Darwin Regional Land Use Plan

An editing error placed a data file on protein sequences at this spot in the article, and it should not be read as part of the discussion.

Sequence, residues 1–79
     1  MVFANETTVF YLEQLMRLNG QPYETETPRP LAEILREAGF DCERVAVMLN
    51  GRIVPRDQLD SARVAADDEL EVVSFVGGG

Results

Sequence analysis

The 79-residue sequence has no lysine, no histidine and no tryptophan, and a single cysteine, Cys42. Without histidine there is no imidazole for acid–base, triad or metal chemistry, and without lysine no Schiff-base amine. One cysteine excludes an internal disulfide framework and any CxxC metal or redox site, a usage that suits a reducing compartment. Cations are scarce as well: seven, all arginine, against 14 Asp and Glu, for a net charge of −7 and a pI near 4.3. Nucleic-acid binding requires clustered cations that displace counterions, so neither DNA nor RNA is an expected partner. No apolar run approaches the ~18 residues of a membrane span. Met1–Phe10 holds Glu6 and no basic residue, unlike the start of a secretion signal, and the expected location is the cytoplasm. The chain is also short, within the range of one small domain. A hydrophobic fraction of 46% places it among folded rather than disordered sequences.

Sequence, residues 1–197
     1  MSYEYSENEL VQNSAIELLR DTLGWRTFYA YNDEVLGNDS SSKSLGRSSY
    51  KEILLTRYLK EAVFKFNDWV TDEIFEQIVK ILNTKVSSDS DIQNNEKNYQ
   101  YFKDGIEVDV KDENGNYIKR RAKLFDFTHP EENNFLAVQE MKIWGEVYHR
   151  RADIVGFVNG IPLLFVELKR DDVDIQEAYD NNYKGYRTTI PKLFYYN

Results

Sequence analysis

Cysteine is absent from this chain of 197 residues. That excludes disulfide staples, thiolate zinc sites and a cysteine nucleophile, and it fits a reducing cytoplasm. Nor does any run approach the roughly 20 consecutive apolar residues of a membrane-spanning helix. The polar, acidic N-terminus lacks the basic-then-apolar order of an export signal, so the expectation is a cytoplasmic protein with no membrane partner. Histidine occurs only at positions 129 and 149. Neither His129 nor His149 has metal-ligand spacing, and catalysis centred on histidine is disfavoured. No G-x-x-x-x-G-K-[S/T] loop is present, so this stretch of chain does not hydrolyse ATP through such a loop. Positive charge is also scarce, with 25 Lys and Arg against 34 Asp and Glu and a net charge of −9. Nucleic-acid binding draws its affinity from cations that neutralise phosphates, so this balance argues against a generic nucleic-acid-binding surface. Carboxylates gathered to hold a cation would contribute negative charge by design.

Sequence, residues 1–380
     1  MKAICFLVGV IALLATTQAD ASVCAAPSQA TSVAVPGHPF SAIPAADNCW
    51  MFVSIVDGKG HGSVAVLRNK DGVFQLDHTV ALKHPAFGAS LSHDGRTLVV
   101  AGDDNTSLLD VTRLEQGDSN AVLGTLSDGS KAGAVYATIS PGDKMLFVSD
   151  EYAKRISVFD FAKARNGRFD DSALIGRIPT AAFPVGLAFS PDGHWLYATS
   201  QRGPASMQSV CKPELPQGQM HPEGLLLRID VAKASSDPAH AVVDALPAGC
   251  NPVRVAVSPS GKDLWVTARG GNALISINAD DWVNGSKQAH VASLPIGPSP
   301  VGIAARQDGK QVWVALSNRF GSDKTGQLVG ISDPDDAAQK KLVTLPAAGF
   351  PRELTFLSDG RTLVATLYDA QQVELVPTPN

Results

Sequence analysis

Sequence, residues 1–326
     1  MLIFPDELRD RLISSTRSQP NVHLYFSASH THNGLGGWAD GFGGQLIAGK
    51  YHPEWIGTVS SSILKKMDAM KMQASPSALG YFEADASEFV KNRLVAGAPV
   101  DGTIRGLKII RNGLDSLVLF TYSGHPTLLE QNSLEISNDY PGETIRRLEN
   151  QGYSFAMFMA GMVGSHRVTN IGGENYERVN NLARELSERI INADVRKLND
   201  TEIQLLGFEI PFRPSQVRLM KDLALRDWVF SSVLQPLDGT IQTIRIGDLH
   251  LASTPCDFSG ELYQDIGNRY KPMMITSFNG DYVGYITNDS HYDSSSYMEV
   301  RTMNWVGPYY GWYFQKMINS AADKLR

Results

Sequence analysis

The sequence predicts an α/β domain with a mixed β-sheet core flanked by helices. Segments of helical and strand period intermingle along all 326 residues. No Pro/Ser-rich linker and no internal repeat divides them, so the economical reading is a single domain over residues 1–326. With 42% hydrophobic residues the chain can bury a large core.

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57 REGIONAL CONTEXT AND POLICIES Land may be inherently suitable for a range of land uses, so the balance in deciding which use is to be preferred will be determined by other factors, such as the extent of the land available and values of the competing land uses to the community. Another consideration may be potential impacts on the natural environment and sustaining regional resources. For example, groundwater resources may present opportunities for development on land above the aquifers to exploit the water resource. However, if the land use is not appropriate, the resource may be irrevocably polluted or accelerated runoff associated with development might deny the essential annual recharge to ensure the resource is sustainable. The lack of underlying aquifers may be seen as a constraint but, equally, can be perceived as an opportunity to locate development where aquifer pollution and interruption of recharge are avoided. Climatic, amenity and functional factors may also influence land uses being planned and established in locations where the natural land capability is poor. For example, the location of efficient port infrastructure must be influenced by marine conditions even if construction costs and impacts on coastal environments present challenges. Premium urban residential developments may be located where topography or coastal proximity provide views and cooling breezes, despite underlying rocky soils with poor land suitability for use and extra costs associated with providing services and constructing dwellings. Notwithstanding the variable considerations, mapping soils, vegetation and landform (presented as land units) provide a useful guide to identifying the suitability of land to various uses. The Darwin Region does present challenges for some land uses, but responsible planning can identify opportunities leading to positive outcomes. Source: NT Department of Land Resource Management, Flora and Fauna Sites of Conservation Significance
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